FIG. 3 is a cross sectional view thereof taken through line 3-3 of FIG. 2;

FIG. 4 is a top perspective view of an element thereof;

FIG. 5 is a diagrammatic showing of the manifold connected between a supercharger and an engine;

FIG. 6 is a cross sectional view through line 66 of FIG. 2 showing a modified seal construction; and

FIG. 7 is a top view of the manifold before insulation is applied.

DESCRIPTION OF PREFERRED EMBODIMENTS With reference now to the drawings and more particularly FIGS. 1 and 5, a preferred embodiment of an engine part in the form of a heat insulated engine exhaust manifold 10 is shown for mounting between an engine block 11 and an engine supercharger 12 as conventionally found in a marine diesel engine.

The manifold 10 comprises a conventional single or alloyed iron or steel fabricated or cast part 13 (FIG. 7) in a substantially conventional form having engine block rectangular mounting flanges 14, 15 and 16 preferably provided with bolt holes 17 and bolt receiving notches 18 to allow the manifold to be attached to an engine block. The manifold 10 receives hot fluid in the form of combustion gases passing through inlet openings 20, 21, and 22 converging to a center passageway extending substantially from one closed end to the other closed end of the manifold and from thence through an outlet integral passageway opening at 23. Opening 23 carries an outwardly extending flange 24 with suitable bolt holes 24' for attachment to an engine supercharger. Hot gases from the engine cylinders pass in the direction of arrows 25 out of the opening 23 as known in the art.

The cast iron component 13 of the manifold 10 is of a conventional irregular configuration. Overlying the outer configuration is an insulating layer 31 formed of an inorganic material preferably having a thermal conductivity in the range of from 0.01 BTU/hr/ft/F to 0.2 BTU/hr/ft/F. The thickness of the insulation layer can be whatever is required to balance the heat from the cast iron component of the manifold portions which reaches substantially the temperature of the hot inside fluids or gases to an outside manifold temperature, at the surface of a skin casing 40, to maintain the surface at a level below 450 F and preferably lower for safety reasons. Insulation thicknesses of from 0.] inch to L5 inches are preferred. Inorganic insulating materials such as Fiberfrax, a trademarked product of Carborundum Corporation of Niagara Falls, N.Y., and comprising an aluminum silicate, Min-K, a trademarked product of Union Carbide Corporation of New York, N.Y., an aluminum oxide powder, foamed ceramic, sand, refractory oxides, mixtures thereof and the like can be used for the insulating material. It is necessary that the insulating material not be degraded at the temperatures normally encountered in engine operation or encountered in subsequent casting processes of the outer metallic layer as will be described.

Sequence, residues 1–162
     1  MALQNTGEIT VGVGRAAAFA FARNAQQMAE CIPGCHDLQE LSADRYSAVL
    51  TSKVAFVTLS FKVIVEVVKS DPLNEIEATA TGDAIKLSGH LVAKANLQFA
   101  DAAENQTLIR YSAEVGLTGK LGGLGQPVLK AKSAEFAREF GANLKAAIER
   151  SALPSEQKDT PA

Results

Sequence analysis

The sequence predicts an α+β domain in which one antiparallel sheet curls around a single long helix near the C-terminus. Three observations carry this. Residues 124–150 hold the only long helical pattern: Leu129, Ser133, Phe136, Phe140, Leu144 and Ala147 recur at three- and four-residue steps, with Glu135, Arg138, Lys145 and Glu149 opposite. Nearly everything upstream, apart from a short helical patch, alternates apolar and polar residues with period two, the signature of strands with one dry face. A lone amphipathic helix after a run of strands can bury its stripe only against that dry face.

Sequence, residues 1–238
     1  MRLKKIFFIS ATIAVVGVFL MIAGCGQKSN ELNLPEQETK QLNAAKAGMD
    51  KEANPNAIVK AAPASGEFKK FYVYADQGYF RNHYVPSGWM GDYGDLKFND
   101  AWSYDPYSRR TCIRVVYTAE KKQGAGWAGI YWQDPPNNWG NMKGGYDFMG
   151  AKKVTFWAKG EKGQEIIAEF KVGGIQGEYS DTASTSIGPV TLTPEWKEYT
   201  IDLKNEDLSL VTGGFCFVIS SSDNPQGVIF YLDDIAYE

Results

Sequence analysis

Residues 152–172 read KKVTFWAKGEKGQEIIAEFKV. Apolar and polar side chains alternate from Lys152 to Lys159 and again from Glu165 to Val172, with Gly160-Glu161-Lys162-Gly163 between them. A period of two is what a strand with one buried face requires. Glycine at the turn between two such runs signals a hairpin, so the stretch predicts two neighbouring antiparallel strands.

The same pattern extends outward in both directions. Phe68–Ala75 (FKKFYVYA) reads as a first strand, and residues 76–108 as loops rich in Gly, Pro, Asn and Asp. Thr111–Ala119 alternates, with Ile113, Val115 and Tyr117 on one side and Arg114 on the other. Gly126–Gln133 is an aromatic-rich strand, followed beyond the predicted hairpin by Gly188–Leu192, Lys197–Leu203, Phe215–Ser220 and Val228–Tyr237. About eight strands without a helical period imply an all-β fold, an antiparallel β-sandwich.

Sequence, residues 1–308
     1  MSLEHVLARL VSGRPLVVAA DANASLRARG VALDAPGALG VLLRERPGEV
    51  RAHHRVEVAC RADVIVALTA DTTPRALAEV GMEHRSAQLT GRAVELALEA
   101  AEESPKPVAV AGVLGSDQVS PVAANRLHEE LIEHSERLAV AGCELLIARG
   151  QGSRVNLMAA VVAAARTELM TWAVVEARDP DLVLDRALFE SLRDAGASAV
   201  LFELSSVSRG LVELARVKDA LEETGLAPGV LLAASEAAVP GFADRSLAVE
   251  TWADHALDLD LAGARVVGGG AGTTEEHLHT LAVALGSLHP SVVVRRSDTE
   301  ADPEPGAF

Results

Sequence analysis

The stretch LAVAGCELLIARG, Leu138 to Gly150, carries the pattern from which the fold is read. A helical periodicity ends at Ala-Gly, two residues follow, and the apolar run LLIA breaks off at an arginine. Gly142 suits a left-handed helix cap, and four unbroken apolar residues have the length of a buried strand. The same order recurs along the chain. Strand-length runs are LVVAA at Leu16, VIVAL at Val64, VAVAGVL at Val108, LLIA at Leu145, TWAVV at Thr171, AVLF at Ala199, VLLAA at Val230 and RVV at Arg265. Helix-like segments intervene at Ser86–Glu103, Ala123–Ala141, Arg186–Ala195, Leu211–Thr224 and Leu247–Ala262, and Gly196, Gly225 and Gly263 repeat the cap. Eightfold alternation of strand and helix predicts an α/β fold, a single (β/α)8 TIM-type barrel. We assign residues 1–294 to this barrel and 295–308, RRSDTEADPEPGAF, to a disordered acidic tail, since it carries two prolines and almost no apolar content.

The insulating layer is preferably formed with a substantially uniform thickness and preferably conforms to the outer configuration of the cast iron component 13 of the manifold. However, in some cases, it may be desirable to form the insulation layer with nonuniform thicknesses and/or with an outer configuration different than that of the outer configuration of the cast iron component. For example, thicker sections of insulation can be used at local points ofhigh heat flux as at the turn in the passageway illustrated in FIG. 3.

Preferably the insulating layer is directly adjacent the outer surface of the cast iron component 13 with no voids present. Over the insulating layer 31 is a thin metallic, outer skin casing layer 40 which is cast and which acts to provide mechanical protection and encapsula tion to the insulating layer. The cast layer 40 is preferably formed of a good heat dissipating material such as aluminum, aluminum alloys which melt at low enough temperatures for casting and are non-destructive to the insulating layer. It is preferred to use aluminum or magnesium or alloys thereof having a thermal conductivity of at least about 50 BTU/hr/ft/F. These materials serve to minimize local hot spots because of the high thermal conductivity of the layer 40. Materials such as carbon or alloy steel, cast iron and the like can also be used for the casing 40. Thin coatings are preferred, preferably in the range of from one-sixteenth to one-half inch. The layer 40 preferably has a substantially uniform thickness and entirely surrounds and conforms to the outer configuration of the insulating layer being bound thereto at least because of the encircling nature of the layer to the irregular configuration of the manifold.

In addition to the above considerations for selection of the metal material of the outer skin layer 40, the material is preferably designed to have a suitable coefficient of thermal expansion to the coefficient of thermal expansion of the component 13 over the expected operating temperature range of the component 13 and skin 40 so that the actual physical differential in expansion between points on component 13 and between corresponding overlying points on skin 40 is as close to equal as possible at operating temperatures. Thus ideally for example, if the manifold is to be operated at a temperature of substantially l,00O F at the component l3 and a resulting temperature of 400 F at the skin 40 the thermal expansion of part 13 at l,00O F is preferably equal to the expansion of the skin 40 at 400 F. Although exact matching of differential expansion at the two different operating temperatures is difficult to obtain, careful selection of materials can result in only small acceptable differences. For example, when the component 13 is formed of a ferritic material such as cast iron, ordinary carbon steel or a series 400 alloy steel having a thermal coefficient of expansion of from 6 X 10' in/in/F to 8 X l0 in/in/F the skin material is preferably selected to have a thermal coefficient of expansion of from 10 X 10' in/in/F to 12 X 10' inlin/"F and thus could be a cast aluminum or an aluminum alloy. in this case, the physical expansion of the skin is closely parallel to the physical expansion of the inner ferritic part. Assuming both the skin 40 and component 13 are both at 80 F and are then heated to their operating temperatures as described above, the different-ial expansion from point to point for the inner component 13 and the outer skin 40 would be determined by: